State Structure and Political System of Australia

According to topschoolsintheusa, Australia is a democratic, independent state that is both a constitutional monarchy and a federation, based on a combination of British and American models of state organization, ensuring freedom of speech, religious beliefs and the creation of public organizations. The Australian Constitution was adopted by a legislative act of the British Parliament on July 9, 1900. Amendments or additions to the Constitution can only be adopted by a national referendum, must be approved by a majority in 4 of the 6 states and both houses of the federal parliament.

Administratively divided into 6 states – New South Wales (area 800.6 thousand km2, population 6.67 million people, December 2002), Victoria (227.42 thousand km2, 4.90 million people), Queensland (1.73 million km2, 3.75 million people), Western Australia (2.53 million km2, 1.94 million people), South Australia (983.48 thousand km2, 1.52 million people) and Tasmania ( 68.4 thousand km2, 474 thousand people), as well as two territories – the Australian Capital Territory (2.36 thousand km2, 323 thousand people) and the Northern Territory (1.35 million km2, 197 thousand people.).

Largest cities (2001 census, million people): Sydney (4.2), Melbourne (3.5), Brisbane (1.65), Perth (1.4), Adelaide (1.11), Newcastle (0. 5), Canberra, Wollongong (0.271), Hobart (0.198).

The head of state is formally the Queen of England (who holds the title of Queen of Australia and Head of the Commonwealth in the country). It is represented at the federal level by the governor general, and in each state by the governor. The Governor General is appointed by the Queen on the advice of the Prime Minister of Australia, usually for a term of 5 years and currently only from Australian citizens. Since August 2003, the Governor General has been retired Major General F. Michael Jeffrey. Legislative power belongs to the bicameral federal parliament, elected by universal, mandatory suffrage (for non-participation – a fine), consisting of the Senate (upper house) and the House of Representatives (lower house). The Senate has 76 senators (12 from each state and 2 from the territories), elected for 6 years (half of the senators are re-elected every 3 years simultaneously with elections to the House of Representatives). The House of Representatives has 148 deputies (elected for 3 years under a preferential-proportional system). The number of seats received by federal subjects in the House of Representatives is proportional to the number of voters, but at least 5 seats are reserved for each state. As for the territories, following the results of the 2001 elections, the Northern Territory has one representative in the lower house, the Australian Capital Territory has three.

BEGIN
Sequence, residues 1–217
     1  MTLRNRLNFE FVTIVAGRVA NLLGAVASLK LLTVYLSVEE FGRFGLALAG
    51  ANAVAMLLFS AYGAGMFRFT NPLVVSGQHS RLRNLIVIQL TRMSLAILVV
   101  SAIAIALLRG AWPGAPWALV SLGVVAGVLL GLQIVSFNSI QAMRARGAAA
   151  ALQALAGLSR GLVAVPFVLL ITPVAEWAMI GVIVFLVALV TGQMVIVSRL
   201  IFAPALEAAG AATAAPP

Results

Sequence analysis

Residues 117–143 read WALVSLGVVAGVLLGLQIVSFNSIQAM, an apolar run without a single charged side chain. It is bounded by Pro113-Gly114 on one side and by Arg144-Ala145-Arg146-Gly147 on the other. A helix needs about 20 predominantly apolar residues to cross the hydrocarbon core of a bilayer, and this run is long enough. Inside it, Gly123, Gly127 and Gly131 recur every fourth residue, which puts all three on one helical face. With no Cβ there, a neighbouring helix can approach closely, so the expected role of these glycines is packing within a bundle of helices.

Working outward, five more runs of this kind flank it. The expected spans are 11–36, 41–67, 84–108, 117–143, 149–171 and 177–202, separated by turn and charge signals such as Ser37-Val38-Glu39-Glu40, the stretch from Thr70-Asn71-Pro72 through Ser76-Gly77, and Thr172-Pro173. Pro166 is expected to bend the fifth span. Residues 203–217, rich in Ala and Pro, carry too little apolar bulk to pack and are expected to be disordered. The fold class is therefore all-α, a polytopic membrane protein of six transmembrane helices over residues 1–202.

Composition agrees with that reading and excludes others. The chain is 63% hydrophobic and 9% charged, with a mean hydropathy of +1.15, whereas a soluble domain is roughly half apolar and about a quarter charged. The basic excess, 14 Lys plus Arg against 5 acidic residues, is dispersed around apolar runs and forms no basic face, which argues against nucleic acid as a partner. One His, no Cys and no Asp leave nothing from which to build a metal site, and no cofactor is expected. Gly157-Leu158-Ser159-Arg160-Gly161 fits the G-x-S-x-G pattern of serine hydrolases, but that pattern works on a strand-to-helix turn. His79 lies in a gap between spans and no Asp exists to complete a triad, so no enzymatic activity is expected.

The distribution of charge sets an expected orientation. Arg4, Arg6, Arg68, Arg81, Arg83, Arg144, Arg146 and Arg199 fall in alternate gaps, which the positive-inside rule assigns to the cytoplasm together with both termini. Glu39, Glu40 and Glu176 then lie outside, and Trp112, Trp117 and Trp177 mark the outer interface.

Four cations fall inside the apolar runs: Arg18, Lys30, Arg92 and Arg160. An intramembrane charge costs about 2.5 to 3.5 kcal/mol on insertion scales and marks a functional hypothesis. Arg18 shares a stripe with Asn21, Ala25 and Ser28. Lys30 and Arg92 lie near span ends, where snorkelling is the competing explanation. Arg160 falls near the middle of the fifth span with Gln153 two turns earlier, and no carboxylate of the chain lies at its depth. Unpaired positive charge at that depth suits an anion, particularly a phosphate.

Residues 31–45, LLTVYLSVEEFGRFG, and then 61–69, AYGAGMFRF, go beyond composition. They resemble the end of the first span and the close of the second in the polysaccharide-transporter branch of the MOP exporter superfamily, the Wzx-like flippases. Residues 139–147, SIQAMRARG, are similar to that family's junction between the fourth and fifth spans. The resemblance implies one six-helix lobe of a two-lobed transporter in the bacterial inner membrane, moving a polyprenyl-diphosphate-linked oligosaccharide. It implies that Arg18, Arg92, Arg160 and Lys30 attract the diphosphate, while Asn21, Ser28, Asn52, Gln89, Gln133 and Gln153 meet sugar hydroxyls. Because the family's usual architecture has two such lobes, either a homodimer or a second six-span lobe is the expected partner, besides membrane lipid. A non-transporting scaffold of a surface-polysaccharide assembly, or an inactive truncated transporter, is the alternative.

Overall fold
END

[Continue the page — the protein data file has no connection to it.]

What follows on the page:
Elections may be held early by decision of the prime minister and with the formal approval of the dissolution of the lower house or both houses of parliament by the governor general. The latter retains the constitutional right to dissolve parliament and call general elections. The party (or coalition of parties) that has received the majority in the elections to the lower house forms the government, and its leader becomes the prime minister – the head of the executive branch. The prime minister should preferably be a member of the lower house, and ministers formally appointed by the governor general on the advice of the prime minister should be members of the lower house or senators. Since March 1996, the Prime Minister of Australia is John Howard, leader of the Liberal Party of Australia. The leader of the opposition is Mark Latham, who leads the Australian Labor Party. The previous elections were held in November 2001,